Medawasala Building in ancient Kandy–BY GAYAN NARANDENIYA AND RUWAN WINDSOR
The kingdom of Kandy is the last kingdom of ancient Ceylon and the royal buildings and the main building complex of the city, was built on a high ground East of the city along with the temple of the Sacred Tooth.The kingdom of Kandy is the last kingdom of ancient Ceylon and the royal buildings and the main building complex of the city, was built on a high ground East of the city along with the temple of the Sacred Tooth.
The Temple of the Tooth is surrounded by the Udawatte Forest on the East, the Bogambara Lake on the South, the Old Palace on the North and the Natha Devalaya on the West.
According to the Mahavamsa, King Wimaladharmasuriya I was the first to build a Temple of the Tooth in the Kandyan Kingdom.
Later King Rajasinghe II, King Wimaladharmasuriya II and King Sri Weera Parakrama Narendra Sinha also carried out the same work.
The highway passes between the Natha Devalaya and the Temple of the Tooth where the Temple and the ancient Royal Palace are separated by a narrow wall.
It is also known as the ‘Cloud Wall’ and behind it is a similarly built high wall.
There is a moat in the middle of these two walls. Adjacent to the palace is a building called the Medawasala sandwiched between the Kandy National Museum and the International Buddhist Museum.
The Kandy National Museum is also known as Palle Wasala and the International Buddhist Museum as Uda Wasala.
In this background, this article is about the historically and archeologically important Medawasala building, which is believed to have been occupied by the Consort of the late King of the Kandyan Kingdom.
Accordingly, the residence of Queen Venkatha Rangammal, the Consort of the late King Sri Wickrama Rajasinghe, the last ruler of the Kandyan Kingdom who ruled from 1798-1815 AD, is said to be Medawasala. When the colonial era came, this building was called Medavahala.
The building is clearly shown on the map drawn by H.T. Keppetipola in the year 1815.
According to the historical records of the Kandyian period, King Rajasinghe had hidden Queen Rangammal from everyone.According to those reports, only her closest maids had the opportunity to see her and the daughters of several noble families who had remained dedicated to the service of this Queen.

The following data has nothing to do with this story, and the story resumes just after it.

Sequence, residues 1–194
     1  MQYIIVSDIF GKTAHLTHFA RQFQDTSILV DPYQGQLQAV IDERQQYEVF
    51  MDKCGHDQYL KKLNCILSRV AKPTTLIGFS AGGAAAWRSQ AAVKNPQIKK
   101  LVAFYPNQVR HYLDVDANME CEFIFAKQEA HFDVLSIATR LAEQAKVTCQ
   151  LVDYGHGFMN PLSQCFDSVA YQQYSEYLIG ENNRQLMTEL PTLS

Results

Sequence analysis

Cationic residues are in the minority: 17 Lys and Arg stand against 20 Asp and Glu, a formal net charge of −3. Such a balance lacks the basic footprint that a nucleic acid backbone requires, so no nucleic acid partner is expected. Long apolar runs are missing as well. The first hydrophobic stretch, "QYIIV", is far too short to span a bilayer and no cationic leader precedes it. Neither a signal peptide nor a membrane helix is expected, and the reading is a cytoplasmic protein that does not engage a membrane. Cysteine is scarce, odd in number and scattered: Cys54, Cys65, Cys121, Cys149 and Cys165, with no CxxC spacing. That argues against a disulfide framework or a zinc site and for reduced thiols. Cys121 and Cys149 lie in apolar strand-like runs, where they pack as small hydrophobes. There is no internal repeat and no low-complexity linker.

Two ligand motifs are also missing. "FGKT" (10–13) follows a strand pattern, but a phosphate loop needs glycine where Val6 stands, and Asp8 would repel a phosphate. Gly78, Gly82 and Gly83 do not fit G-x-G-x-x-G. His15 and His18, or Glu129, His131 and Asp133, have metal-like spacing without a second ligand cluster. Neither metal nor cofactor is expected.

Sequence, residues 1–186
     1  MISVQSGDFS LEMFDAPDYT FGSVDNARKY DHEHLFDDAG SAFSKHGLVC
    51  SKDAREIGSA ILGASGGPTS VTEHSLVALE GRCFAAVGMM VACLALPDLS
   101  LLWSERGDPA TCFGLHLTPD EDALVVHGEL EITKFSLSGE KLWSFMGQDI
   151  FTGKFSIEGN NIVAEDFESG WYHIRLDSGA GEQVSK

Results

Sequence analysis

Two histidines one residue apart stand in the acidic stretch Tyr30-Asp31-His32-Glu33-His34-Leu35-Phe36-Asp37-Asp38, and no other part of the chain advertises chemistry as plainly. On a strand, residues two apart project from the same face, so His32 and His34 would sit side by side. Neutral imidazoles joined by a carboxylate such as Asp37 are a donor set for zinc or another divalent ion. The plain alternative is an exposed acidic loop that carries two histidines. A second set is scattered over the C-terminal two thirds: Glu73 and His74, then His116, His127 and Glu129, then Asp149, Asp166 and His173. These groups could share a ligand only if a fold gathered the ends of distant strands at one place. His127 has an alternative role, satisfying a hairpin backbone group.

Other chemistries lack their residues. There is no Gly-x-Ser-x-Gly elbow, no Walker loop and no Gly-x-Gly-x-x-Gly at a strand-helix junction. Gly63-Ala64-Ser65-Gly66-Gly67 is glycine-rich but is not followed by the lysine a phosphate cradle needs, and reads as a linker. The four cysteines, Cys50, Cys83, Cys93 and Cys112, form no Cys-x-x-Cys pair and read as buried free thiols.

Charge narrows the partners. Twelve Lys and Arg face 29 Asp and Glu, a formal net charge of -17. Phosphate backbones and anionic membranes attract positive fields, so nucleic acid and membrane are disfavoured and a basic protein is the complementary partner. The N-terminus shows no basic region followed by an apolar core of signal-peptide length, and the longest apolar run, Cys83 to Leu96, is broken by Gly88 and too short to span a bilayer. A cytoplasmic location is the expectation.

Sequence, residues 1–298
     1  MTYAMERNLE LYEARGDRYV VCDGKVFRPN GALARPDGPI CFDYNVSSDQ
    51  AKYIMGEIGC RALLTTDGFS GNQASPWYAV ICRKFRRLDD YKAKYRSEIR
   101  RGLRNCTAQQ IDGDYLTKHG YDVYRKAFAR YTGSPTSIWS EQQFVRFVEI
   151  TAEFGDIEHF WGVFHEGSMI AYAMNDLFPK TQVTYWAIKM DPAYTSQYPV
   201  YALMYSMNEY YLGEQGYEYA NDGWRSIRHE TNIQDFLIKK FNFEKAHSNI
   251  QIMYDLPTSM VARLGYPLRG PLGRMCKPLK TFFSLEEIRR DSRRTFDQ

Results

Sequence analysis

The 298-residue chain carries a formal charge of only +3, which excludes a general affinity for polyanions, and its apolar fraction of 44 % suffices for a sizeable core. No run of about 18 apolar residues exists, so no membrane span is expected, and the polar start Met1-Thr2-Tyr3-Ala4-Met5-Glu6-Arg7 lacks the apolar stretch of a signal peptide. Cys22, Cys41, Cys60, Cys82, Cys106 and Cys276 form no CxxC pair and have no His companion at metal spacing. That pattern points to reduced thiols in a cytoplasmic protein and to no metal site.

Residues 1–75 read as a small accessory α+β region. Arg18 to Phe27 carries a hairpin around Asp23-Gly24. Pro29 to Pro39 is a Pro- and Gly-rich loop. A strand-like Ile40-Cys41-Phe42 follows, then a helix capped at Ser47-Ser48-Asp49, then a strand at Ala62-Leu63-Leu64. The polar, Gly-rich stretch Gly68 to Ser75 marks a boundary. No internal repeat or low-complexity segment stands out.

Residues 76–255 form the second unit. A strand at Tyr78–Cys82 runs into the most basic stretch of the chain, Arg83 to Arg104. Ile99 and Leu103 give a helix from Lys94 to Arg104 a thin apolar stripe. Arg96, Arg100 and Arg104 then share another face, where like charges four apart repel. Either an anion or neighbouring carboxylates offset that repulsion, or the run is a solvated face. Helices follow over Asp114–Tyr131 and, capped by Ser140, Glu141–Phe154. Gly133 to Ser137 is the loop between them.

The Medawasala building, which was originally used as the residence of the Consort, was later used for various purposes.
It had been used as a hospital during the colonial period and more recently as a museum under the Department of National Museums, the Kandy Office under the Ministry of Buddhist Affairs and the Kandy Office under the Central Cultural Fund.
The architecture of this building reflects a special feature that reveals the identity of the Kandyan period. The Medawasala building has a number of wooden structures that are unique to that relevant era.
Among them are four wooden pillars which is a special feature of architectural structures during the Kandyan period. In the center is a pair of large wooden pillars without carvings and a pair of slightly smaller wooden pillars decorated with flowers, scrolls, and motifs.
The pillars, which are spherical and octagonal, are similar in length but have distinctive subtle features.
In addition to the main entrance with the crescent doorway, there are two crescent-shaped doors in the inner chamber, focusing on the doorway of the Medawasala building.
The main entrance to the inner chamber has a single door that opens on the inside. The wooden hinges on the back door of the inner chamber are an example of the excellence of architectural art during the Kandyan era.
When considering the inner courtyard, it’s full of lotus carvings. A drain had been built to dispose the collected water. The stone plaque bearing the inscription “1915 AD” shows the connection between Medawasala and the colonial era.
The Medawasala building consists of an isolated interior chamber. There are four carved stone supporters that provides evidence that there was a bed.
The Archaeological Museum currently exhibits four copper plates which can be assumed to be the defenses found in the building.
Nearby are the remains of a urinal which may have been used in the past. The historical value of the building is enhanced by the ancient floral motifs painted on a red background found during recent conservation work.
The Medawasala building which was preserved by the Central Cultural Fund was converted into a museum and opened in 2016 for local and foreign visitors.